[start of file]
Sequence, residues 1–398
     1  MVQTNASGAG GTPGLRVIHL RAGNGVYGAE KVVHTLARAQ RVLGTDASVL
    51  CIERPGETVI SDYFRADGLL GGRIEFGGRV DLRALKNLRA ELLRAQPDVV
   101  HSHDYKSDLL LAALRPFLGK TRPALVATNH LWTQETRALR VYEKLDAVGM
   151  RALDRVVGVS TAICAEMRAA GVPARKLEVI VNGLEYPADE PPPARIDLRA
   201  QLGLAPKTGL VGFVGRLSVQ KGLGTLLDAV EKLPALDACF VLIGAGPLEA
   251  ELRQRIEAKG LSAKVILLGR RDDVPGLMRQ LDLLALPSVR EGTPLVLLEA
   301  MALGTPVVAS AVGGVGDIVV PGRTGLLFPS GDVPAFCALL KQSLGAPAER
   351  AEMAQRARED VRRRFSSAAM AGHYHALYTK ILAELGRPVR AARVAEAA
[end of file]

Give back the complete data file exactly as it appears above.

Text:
Sequence, residues 1–398
     1  MVQTNASGAG GTPGLRVIHL RAGNGVYGAE KVVHTLARAQ RVLGTDASVL
    51  CIERPGETVI SDYFRADGLL GGRIEFGGRV DLRALKNLRA ELLRAQPDVV
   101  HSHDYKSDLL LAALRPFLGK TRPALVATNH LWTQETRALR VYEKLDAVGM
   151  RALDRVVGVS TAICAEMRAA GVPARKLEVI VNGLEYPADE PPPARIDLRA
   201  QLGLAPKTGL VGFVGRLSVQ KGLGTLLDAV EKLPALDACF VLIGAGPLEA
   251  ELRQRIEAKG LSAKVILLGR RDDVPGLMRQ LDLLALPSVR EGTPLVLLEA
   301  MALGTPVVAS AVGGVGDIVV PGRTGLLFPS GDVPAFCALL KQSLGAPAER
   351  AEMAQRARED VRRRFSSAAM AGHYHALYTK ILAELGRPVR AARVAEAA